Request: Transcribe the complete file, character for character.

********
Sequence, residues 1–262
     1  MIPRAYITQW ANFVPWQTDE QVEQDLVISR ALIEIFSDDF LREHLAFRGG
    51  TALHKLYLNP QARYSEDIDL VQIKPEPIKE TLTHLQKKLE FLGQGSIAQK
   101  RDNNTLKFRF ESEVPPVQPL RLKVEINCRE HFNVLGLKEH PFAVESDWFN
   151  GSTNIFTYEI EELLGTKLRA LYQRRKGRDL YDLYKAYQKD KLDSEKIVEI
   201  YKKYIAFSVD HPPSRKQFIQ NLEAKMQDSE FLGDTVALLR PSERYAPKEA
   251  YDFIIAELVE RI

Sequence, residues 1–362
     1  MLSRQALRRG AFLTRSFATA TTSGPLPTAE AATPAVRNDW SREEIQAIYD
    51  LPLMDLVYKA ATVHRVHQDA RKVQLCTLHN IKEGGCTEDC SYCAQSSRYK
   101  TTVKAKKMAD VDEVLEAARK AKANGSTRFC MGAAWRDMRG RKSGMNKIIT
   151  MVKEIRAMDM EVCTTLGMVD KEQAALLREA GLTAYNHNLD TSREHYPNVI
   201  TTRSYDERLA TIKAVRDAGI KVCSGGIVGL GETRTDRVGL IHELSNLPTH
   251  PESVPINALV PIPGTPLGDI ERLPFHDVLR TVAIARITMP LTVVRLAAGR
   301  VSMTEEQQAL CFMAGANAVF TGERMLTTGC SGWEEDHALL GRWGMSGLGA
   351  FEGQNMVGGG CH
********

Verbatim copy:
Sequence, residues 1–262
     1  MIPRAYITQW ANFVPWQTDE QVEQDLVISR ALIEIFSDDF LREHLAFRGG
    51  TALHKLYLNP QARYSEDIDL VQIKPEPIKE TLTHLQKKLE FLGQGSIAQK
   101  RDNNTLKFRF ESEVPPVQPL RLKVEINCRE HFNVLGLKEH PFAVESDWFN
   151  GSTNIFTYEI EELLGTKLRA LYQRRKGRDL YDLYKAYQKD KLDSEKIVEI
   201  YKKYIAFSVD HPPSRKQFIQ NLEAKMQDSE FLGDTVALLR PSERYAPKEA
   251  YDFIIAELVE RI

Sequence, residues 1–362
     1  MLSRQALRRG AFLTRSFATA TTSGPLPTAE AATPAVRNDW SREEIQAIYD
    51  LPLMDLVYKA ATVHRVHQDA RKVQLCTLHN IKEGGCTEDC SYCAQSSRYK
   101  TTVKAKKMAD VDEVLEAARK AKANGSTRFC MGAAWRDMRG RKSGMNKIIT
   151  MVKEIRAMDM EVCTTLGMVD KEQAALLREA GLTAYNHNLD TSREHYPNVI
   201  TTRSYDERLA TIKAVRDAGI KVCSGGIVGL GETRTDRVGL IHELSNLPTH
   251  PESVPINALV PIPGTPLGDI ERLPFHDVLR TVAIARITMP LTVVRLAAGR
   301  VSMTEEQQAL CFMAGANAVF TGERMLTTGC SGWEEDHALL GRWGMSGLGA
   351  FEGQNMVGGG CH